Yup. We didn't have quite as many books when I was growing up; maybe 3k or so, but I was encouraged to read anything that caught my attention. At the same time, a lot of the dinner discussions would cut off with something like "ah, okay, go read Machiavelli's The Prince and we'll take this up again tomorrow". Because both my mother and grandmother had worked at the Royal Ontario Museum, I used to go there all the time, and I knew a lot of the curators and got to look at the stuff in storage.

I think that I probably had more exposure to the Arts than your kids are getting, Sam, but that's probably because my father had been a professional musician (before becoming a systems analyst and consultant), my mother taught acting, and my grandmother was a professional portrait painter who lived in a weird, inner-city Artists Colony .

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Originally Posted by selil View Post
When talking about educational philosophy I have a basic criteria (agility, endurance, strength, and wisdom). This is applied to walking, running, school, martial arts, reasoning, basically living. In my laboratory there is a sign hanging that says "cognitive endurance required". A philosophy is different than principles of living as suggested by Benjamin Franklin (he had 13, I have 5, honor, honesty, courage, courtesy, and respect). Words have power. Reflect on the meaning of them as verbs and visualize what it means to embody them and changes occur.
Sounds pretty similar, although mine is a touch more metaphysical.

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When looking at professional military education I don't see the flexibility I would like but then again the product is supposed to be specific. I don't think the military wants to see a bunch of fully self actualized dream heads walking around talking about the meaning of existence. The military as an organization wants the smartest life takers and heart breakers they can find or create. Then they argue about the definitions of heart breakers and life takers.
While the "product" may be supposed to be more specific, there does seem to be a concern that it may be the wrong specificity or, if not "wrong", then a less than optimal one . I suspect that's why documents such as the ALDS have glomed on to the word "adaptability"; they don't really know what it means, but they will know it when they see it.

One of the reasons why I truly appreciate the pre-Dewey educational system is that it has an inherent metaphysics built into it that is opposed to the mass market, consumerism of the Fordist model. Basically, it requires people to be the best that they can be. The downside, of course, is that it can be "elitist" in the worst sense of the term. All the same, you can get away with being a "dream head[s] walking around talking about the meaning of existence" as long as, when the crunch came, you can act decisively. Remember, this is the same system that gave rise to the phenomenon of the "professional amateur"; someone with all the skills and aptitude to perform a role who does it for love or honour .

So, what type of a metaphysical model should PME develop over the next, say, 20 years?
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Old 02-19-2010   #31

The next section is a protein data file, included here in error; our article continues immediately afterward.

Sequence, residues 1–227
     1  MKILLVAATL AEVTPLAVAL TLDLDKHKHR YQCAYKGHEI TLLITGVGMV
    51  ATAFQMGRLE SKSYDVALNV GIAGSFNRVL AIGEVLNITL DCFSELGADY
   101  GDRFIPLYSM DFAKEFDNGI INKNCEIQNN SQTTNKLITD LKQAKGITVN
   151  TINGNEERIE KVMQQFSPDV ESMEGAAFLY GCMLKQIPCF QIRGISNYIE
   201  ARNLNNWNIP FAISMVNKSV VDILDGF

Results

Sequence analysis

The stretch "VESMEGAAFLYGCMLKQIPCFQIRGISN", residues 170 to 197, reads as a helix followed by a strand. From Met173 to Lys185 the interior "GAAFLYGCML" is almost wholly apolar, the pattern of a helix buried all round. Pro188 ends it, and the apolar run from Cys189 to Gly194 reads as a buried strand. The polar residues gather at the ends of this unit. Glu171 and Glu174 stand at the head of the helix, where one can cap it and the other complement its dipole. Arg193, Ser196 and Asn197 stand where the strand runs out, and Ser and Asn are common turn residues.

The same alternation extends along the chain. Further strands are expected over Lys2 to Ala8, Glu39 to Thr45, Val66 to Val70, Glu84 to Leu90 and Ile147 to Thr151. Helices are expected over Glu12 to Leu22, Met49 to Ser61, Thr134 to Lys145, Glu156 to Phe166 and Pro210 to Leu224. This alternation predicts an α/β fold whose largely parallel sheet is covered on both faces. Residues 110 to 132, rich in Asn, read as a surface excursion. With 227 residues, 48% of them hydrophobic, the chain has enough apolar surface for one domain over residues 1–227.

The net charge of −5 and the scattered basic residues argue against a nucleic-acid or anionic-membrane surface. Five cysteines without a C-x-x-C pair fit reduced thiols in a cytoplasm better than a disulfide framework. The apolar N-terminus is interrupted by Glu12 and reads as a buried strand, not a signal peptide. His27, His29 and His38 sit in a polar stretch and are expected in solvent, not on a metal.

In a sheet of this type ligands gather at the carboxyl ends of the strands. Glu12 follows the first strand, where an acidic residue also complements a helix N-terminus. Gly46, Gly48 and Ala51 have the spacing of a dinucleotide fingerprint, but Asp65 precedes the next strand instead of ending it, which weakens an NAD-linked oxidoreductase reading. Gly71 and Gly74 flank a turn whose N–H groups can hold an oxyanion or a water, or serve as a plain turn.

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So, what type of a metaphysical model should PME develop over the next, say, 20 years?
When you use the word metaphysical a circuit breaker in the back of my head goes "pop". I've been wrangling with different curricula models for quite awhile. Integrative, distributed, etc.. etc... They all seem to role the basic principles of industrial era education in new ways. I've got a couple things on my website about it, but basically any new model should have.

1) A new delivery mechanism has to be based on reasoning.
2) A new delivery mechanism has to be investigative (discovery) based.
3) .... has to be truly interdisciplinary (e.g. learn science through history).
4) .... has to have physical as well as mental aspects for real holistic views (we don't want muscle bound idiots, or floating brain pans).
5) .... has to include a merit based promotion system for knowledge, skills, and abilities attainment (evaluation and assessment is still needed).
6) .... has to adapt internally to environmental and societal changes without breaking (doesn't happen currently).
7) .... has to give up determinism for ... something?

Mortimer Adler in the 1980s suggested The Paideia Proposal, but that just took current education of the time and re-prioritized it. With TRADOC and most education systems they say "don't fix what works". Well, it sort of works sometimes, but it isn't nearly uncorking the potential of the students. If mediocre to sub-par is the goal we're there. If vastly superior capability is the goal we've a long way to go. Learner centered education systems currently appear to be narcissistic and elitist to a fault. They also require large amounts of resources. Neil Stephenson wrote a book about how learner centered education could effect society. I don't agree with several of his premises but it does beg the question of if not that, then what.
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Old 02-19-2010   #32
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When you use the word metaphysical a circuit breaker in the back of my head goes "pop".
Thought it might .

Most of the time I've been playing with the problem with other academic colleagues, they have shied away from metaphysics as if it were the plague, even while they criticized certain aspects of the current model.